This past Monday, LASO hosted their closing event of Latinx Heritage Month: a production of “Platanos y Collard Greens” performed in Hogan Ballroom for members of the Holy Cross community. Beginning as an off-broadway play, the satirical comedy now tours at different colleges and universities across the country.
Brandon Brito ‘20 says, “As a co-chair for LASO along with Louis Hurtado (the other co-chair) we were very excited to bring ‘Platanos y Collard Greens’ to campus.This offered a new platform to discuss the beauty of the Latinx culture, but also highlighted the real issues as well. As someone who did see it a few years ago, I was thrilled to bring it to Holy Cross to showcase how racism is prevalent everywhere, even within the cultures that are usually victims of racism. We didn’t want another lecture or speaker but rather a satirical approach to get a laugh out of something that is honest.”
The play follows a group of African-American and Latino college students in New York City. Freeman, an African-American young man, is running for student government president and falls for Angelita, a Dominican girl. Their relationship is tested when Angelita’s mother reveals her disgust that her daughter is dating a black boy. Rounding out the cast are OK, Freeman’s best friend and wannabe ladies’ man, Malady, Freeman’s running partner, ‘Nilsa, Angelita’s best friend, and Freeman’s father, a psychologist and college professor who tries to help Freeman understand his worldview.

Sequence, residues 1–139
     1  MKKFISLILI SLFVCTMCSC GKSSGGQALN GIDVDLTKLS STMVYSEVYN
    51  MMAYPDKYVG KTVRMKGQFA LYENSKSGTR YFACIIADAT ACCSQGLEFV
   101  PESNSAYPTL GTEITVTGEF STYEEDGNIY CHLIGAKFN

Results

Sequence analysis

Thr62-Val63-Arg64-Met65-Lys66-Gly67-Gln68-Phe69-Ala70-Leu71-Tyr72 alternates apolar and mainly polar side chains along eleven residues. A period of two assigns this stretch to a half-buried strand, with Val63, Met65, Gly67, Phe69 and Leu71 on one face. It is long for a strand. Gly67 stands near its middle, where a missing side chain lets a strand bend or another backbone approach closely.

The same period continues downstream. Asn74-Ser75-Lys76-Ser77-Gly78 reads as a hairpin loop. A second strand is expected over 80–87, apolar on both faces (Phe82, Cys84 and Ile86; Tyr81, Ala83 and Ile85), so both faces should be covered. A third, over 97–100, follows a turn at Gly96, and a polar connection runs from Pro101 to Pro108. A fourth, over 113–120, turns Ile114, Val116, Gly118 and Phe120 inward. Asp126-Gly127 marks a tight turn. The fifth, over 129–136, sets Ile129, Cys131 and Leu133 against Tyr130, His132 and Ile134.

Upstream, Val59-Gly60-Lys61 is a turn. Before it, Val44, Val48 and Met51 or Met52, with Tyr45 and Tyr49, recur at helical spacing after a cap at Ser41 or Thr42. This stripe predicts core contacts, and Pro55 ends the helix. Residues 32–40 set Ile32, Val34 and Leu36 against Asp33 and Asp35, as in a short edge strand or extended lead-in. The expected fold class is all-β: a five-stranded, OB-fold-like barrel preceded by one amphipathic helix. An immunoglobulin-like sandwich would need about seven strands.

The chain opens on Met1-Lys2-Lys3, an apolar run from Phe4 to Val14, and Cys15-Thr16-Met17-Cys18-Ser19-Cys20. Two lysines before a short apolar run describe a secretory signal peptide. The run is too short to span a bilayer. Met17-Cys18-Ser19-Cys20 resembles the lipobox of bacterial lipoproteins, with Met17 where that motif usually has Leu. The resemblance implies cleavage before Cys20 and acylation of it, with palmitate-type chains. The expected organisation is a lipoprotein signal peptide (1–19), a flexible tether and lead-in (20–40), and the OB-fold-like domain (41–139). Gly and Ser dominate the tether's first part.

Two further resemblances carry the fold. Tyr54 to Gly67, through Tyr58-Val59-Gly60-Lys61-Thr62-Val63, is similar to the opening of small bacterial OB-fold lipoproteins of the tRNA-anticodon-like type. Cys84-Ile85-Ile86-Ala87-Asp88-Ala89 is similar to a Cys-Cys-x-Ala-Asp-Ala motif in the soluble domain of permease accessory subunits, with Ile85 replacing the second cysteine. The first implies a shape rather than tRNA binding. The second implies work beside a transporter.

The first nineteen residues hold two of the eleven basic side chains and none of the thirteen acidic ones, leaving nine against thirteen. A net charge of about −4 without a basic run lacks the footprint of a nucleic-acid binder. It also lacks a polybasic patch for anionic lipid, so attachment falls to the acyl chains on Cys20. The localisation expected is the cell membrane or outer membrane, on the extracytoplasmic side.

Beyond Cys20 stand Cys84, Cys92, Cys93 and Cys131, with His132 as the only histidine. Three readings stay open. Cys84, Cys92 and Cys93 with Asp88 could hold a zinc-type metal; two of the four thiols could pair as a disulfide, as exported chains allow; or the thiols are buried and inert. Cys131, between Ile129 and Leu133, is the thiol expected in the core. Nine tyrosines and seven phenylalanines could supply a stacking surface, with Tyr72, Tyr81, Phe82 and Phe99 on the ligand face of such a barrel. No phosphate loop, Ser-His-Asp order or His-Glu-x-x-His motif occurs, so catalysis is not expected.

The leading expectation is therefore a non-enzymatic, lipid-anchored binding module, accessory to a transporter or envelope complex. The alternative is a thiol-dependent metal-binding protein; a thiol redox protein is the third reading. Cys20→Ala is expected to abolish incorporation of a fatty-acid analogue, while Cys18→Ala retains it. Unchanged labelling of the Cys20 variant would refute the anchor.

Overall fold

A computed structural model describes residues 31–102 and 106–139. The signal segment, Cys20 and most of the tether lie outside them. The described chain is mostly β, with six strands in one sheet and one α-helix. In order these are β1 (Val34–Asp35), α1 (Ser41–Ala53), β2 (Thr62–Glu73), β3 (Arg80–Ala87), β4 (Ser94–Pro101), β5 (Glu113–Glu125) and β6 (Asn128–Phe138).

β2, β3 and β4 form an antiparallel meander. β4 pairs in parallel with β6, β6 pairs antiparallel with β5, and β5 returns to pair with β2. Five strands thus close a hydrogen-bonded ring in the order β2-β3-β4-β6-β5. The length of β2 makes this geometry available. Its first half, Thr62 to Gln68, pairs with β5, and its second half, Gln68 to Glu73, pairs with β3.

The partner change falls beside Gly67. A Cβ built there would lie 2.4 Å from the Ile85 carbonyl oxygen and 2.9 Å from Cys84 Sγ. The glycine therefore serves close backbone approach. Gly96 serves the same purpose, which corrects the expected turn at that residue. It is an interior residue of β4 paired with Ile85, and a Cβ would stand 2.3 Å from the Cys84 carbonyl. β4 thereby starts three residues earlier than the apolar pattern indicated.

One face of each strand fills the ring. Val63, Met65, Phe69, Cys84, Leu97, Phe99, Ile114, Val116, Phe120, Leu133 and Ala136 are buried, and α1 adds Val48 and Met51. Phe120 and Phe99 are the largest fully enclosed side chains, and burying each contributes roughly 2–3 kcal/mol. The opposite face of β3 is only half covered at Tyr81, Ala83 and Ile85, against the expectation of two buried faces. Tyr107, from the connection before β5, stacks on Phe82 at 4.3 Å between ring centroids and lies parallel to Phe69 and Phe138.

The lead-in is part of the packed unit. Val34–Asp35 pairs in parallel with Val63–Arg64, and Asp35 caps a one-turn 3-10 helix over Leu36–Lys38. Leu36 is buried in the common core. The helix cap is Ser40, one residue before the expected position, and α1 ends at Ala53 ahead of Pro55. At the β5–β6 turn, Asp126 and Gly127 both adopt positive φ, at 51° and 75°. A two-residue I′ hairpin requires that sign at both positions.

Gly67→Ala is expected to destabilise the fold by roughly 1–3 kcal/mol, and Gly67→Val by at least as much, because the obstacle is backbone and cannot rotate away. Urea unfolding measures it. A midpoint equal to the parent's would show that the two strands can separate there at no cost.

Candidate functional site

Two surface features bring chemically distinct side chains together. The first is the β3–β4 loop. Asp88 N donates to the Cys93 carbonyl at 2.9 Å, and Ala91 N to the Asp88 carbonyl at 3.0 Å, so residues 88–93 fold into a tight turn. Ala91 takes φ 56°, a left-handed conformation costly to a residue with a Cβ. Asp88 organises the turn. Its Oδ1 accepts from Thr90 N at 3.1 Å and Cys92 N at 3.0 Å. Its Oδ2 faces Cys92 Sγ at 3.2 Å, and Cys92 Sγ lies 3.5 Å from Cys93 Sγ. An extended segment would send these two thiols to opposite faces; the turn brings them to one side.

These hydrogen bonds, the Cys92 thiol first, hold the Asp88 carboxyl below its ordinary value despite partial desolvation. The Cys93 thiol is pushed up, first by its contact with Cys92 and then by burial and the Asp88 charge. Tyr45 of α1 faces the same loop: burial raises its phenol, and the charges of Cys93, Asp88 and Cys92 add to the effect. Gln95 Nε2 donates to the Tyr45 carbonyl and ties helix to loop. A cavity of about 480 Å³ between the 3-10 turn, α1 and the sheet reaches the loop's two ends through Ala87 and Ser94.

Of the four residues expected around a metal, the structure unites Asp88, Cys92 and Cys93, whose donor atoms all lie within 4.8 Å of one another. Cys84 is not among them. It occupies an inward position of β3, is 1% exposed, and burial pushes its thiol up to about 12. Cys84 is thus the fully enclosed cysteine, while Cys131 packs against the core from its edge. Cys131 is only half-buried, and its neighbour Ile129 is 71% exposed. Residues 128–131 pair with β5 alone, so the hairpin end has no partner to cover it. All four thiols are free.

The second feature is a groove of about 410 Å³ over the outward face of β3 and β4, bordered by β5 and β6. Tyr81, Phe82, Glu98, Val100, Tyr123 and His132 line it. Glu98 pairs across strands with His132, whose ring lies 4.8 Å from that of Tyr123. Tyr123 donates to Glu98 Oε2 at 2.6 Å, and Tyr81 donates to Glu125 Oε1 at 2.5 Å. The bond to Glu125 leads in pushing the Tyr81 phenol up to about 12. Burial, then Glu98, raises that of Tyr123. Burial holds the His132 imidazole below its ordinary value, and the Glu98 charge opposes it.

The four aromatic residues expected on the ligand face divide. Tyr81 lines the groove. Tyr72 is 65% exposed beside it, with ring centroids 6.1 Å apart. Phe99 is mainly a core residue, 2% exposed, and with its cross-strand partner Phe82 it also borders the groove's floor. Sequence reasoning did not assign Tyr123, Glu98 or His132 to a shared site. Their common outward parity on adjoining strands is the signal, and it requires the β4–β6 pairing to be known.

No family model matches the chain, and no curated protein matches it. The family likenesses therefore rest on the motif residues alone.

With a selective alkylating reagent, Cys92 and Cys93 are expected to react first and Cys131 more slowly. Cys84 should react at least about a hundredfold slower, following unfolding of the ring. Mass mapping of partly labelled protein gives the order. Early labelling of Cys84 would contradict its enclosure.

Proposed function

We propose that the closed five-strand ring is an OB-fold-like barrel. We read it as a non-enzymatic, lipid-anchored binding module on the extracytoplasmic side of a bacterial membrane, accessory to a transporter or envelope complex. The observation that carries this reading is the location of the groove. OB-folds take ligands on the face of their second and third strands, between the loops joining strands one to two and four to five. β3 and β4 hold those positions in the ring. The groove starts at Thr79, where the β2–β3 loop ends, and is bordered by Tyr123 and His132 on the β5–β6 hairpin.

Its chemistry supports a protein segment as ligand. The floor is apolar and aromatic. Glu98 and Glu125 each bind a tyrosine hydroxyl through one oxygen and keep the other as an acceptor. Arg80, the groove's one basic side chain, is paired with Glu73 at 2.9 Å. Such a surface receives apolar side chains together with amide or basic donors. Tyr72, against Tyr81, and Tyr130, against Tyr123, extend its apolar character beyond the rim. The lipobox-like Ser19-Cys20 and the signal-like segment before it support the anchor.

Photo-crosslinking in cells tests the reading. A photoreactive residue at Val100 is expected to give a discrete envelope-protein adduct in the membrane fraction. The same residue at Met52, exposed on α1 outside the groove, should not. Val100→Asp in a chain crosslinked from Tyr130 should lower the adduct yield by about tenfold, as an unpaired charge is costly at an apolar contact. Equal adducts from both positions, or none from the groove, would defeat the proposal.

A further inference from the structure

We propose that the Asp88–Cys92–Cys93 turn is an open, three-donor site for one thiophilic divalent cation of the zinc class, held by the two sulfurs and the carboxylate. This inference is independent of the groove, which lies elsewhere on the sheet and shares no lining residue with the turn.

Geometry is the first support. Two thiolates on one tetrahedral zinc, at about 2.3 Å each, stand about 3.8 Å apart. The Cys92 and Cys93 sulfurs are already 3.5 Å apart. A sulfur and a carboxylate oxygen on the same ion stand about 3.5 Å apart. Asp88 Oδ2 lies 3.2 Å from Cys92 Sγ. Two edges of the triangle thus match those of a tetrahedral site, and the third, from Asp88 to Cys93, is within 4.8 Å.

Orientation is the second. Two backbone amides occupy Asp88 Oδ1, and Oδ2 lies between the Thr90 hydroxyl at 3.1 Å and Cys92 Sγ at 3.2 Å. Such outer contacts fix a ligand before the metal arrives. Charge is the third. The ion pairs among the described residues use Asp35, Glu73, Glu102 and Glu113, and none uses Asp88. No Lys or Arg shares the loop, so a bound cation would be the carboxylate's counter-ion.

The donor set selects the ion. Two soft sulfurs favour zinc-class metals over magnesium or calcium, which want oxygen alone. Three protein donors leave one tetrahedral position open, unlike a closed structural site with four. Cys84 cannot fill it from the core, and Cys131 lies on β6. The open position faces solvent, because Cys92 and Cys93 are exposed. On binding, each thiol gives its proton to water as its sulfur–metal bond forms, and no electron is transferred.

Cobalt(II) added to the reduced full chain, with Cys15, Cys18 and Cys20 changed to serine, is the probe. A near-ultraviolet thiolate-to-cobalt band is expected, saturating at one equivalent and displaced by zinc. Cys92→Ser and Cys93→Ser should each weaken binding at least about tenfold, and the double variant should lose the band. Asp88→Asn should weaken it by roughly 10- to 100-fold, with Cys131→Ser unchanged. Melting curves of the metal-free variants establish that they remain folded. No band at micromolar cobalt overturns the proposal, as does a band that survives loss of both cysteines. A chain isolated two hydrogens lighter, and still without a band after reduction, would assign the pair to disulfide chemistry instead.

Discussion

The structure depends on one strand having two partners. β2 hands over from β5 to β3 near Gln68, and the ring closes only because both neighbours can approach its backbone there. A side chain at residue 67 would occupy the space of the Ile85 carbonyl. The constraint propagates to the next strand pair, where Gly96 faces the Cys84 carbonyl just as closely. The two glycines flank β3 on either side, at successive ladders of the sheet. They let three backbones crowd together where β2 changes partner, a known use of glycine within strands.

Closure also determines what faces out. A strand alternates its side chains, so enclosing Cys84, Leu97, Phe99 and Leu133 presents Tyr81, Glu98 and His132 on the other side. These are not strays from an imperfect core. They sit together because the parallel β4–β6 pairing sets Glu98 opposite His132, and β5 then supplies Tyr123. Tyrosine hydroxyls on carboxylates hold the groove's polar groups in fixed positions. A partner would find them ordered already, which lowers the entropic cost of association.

The play is a satire, and though funny, it is hard to watch at some moments. Characters, especially OK and ‘Nilsa, are characters of their race, fulfilling every stereotype we are meant to associate with people of color. The satire, at times, doesn’t feel obvious enough, risking the chance that someone will walk away from the show with nothing but offense. There are moments that don’t quite make sense, maybe because certain characters and parts of the show have been cut for the touring version. In one puzzling moment, Freeman’s father starts to dance with OK as his backup while Freeman looks on. In another, Angelita’s mom suffers a heart attack while arguing about her daughter’s relationship with Freeman. It is later strongly implied that the mother fakes the heart attack to bend her daughter’s will, but this is neither confirmed nor denied by the end of the show. These moments seem to balance the line between satire and just plain ridiculousness, leaving the audience feeling confused.
Satire is tricky and “Platanos y Collard Greens” doesn’t get it right sometimes, but there is a saving grace in the show. The show opens with Freeman performing a spoken word poem titled “Platanos y Collard Greens,” and in between scenes each character has a chance to perform their own powerful poem about the ways in which they have experienced racism. They’re all incredibly moving, and they help get the message of the play across: Everyone’s experience with racism is uniquely different. There are no blanket terms, making it all the more important to actively listen to someone’s experience.
Following the show, the cast was asked what they think the takeaway of the show is. Responses varied, but the overall theme was the importance for unity in the current day. The show is not overtly political; It was written in 2003 and has been performed since then. But, when watching, it is impossible not to think about how it’s meaning has changed over the years, both for those acting and those watching.